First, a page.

80 percent of Zimbabwe stockbrokers facing viability problems


Only a fifth of Zimbabwe’s stockbrokers are currently generating enough commission to survive as the local bourse continues to underperform reflecting a weak underlying economy, ZSE chief executive Chirume has said.

Weak trades and immense competition for scarce investors has seen some brokerage firms such as Kingdom Stockbrokers, ZB Stockbrokers and New Africa folding since dollarisation. A bullish run which followed dollarisation, was not enough to keep the firms afloat.

The country’s 13 securities dealers charge 0.92 percent for either buying and selling shares for every trade.

Turnover on the Zimbabwe Stock Exchange for the five months to May fell 40 percent to $122 million compared to the same period last year, according to official data.

Chirume said while the stockbroking business fluctuates due to market variables, an extended lean period could result in more firms collapsing.

“We agree that the market is very difficult at this point in time and when you look at the sharing of that commission you find out that 80 percent of the market might not be getting what is required for them to survive into the future,” Chirume said.

“There is always a funny trick in broking. They call it bust and boom. It is never quiet – it’s either they are making money or things are very bad. So stockbrokers are very aware of that, so what they normally do, they try and provide for the bad times. So it depends how long the bad times last and that will affect them going forward. But, as the stock exchange, our main thrust is to check how they are placed and the possible impact if anything goes wrong.”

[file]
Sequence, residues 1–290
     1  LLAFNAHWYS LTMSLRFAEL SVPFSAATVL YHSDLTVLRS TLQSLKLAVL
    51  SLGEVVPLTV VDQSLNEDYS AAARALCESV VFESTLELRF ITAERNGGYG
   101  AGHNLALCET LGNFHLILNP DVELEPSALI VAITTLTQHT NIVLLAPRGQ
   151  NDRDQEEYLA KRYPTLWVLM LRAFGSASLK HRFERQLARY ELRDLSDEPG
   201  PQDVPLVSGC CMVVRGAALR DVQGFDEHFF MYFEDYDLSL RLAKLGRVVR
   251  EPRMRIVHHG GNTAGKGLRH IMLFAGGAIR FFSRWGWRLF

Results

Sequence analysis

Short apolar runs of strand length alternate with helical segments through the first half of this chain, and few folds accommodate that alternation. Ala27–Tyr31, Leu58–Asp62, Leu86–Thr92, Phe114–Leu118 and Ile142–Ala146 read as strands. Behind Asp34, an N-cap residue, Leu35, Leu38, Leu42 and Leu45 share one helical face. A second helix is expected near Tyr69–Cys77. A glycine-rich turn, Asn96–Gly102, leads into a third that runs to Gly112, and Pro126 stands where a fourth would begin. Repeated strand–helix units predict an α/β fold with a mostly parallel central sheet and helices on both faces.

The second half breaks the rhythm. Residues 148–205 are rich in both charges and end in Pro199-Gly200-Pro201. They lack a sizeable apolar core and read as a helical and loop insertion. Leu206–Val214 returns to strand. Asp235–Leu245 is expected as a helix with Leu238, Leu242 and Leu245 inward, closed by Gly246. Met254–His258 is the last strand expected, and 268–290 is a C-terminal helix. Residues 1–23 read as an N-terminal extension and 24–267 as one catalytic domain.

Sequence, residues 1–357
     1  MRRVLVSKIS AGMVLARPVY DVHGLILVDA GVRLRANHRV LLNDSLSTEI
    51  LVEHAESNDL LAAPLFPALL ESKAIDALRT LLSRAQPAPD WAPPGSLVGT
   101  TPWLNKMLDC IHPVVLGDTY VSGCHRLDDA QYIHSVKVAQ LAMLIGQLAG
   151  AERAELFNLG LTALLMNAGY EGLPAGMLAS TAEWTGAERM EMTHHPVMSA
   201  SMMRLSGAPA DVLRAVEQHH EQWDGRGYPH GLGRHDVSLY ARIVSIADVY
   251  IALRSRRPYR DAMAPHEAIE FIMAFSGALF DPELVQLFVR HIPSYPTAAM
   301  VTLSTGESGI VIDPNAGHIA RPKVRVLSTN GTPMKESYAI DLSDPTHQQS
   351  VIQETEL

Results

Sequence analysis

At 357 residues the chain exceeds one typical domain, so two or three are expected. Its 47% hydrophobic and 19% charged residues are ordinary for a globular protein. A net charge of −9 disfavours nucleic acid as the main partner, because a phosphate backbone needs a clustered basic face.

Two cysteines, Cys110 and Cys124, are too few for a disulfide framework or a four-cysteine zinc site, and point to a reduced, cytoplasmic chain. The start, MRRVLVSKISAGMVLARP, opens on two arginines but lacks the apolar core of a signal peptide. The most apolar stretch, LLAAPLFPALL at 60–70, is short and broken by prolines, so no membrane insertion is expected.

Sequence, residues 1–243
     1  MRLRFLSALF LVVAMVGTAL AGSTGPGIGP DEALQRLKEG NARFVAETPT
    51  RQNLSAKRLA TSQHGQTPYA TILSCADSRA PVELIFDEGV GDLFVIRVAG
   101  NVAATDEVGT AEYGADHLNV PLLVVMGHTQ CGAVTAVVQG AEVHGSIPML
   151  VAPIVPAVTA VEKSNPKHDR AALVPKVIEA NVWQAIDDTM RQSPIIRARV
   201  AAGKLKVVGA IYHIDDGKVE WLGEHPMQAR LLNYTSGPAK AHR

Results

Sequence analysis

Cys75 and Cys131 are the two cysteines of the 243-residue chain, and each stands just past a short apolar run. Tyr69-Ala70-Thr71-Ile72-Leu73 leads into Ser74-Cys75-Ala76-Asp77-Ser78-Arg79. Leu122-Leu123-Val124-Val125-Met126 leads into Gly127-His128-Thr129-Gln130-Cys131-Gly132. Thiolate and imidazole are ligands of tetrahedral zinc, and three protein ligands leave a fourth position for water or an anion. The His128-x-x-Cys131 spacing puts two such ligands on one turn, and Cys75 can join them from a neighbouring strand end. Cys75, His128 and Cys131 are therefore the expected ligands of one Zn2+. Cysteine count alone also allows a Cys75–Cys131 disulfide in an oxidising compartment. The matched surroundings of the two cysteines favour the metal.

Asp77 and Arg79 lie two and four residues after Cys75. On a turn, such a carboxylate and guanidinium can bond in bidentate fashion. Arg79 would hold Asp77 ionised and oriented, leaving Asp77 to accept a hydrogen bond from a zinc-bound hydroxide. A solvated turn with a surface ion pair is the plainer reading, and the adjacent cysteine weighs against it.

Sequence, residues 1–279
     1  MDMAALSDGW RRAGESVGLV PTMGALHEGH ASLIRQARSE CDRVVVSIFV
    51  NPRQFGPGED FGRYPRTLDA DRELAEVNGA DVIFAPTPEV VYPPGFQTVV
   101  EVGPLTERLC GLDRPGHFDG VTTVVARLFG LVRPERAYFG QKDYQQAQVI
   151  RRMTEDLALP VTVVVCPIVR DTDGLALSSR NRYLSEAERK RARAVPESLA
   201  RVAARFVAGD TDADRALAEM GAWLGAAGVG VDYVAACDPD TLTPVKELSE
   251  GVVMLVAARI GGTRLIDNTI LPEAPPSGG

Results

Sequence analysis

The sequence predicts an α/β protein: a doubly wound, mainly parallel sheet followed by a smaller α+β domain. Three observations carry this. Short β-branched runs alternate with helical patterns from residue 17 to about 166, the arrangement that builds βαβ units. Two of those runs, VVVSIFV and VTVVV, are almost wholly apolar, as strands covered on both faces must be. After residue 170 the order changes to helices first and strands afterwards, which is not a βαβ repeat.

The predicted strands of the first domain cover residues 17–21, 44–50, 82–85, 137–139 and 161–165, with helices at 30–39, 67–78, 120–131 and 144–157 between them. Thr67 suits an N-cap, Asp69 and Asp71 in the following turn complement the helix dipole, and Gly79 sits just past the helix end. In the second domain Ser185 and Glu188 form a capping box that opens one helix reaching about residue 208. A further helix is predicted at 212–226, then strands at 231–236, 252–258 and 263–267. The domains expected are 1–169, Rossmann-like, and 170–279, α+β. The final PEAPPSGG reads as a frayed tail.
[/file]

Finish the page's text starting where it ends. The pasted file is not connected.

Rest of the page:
Commenting on the proposed alternative bourse for small to medium sizes enterprises, Chirume said the exchange has engaged stakeholders with a view to setting up a revolving fund to assist potential issuers with pre-listing expenses. He said the ZSE would discourage firms currently listed on the main board to downgrade to the new Zimbabwe Emerging Enterprise Market.

“We are not necessarily encouraging them. These are different boards. The reason why we will have two is not to bring the companies from one board to the other and that will always be a problem,” said Chirume.

“Our thinking is that we want to bring in new capital to new companies to growth companies and that will give us a lively stock exchange and impact the nation. So we want to raise new capital for new companies and that is where the drive is.”-The Source


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Charles Rukuni
The Insider is a political and business bulletin about Zimbabwe, edited by Charles Rukuni. Founded in 1990, it was a printed 12-page subscription only newsletter until 2003 when Zimbabwe's hyper-inflation made it impossible to continue printing.


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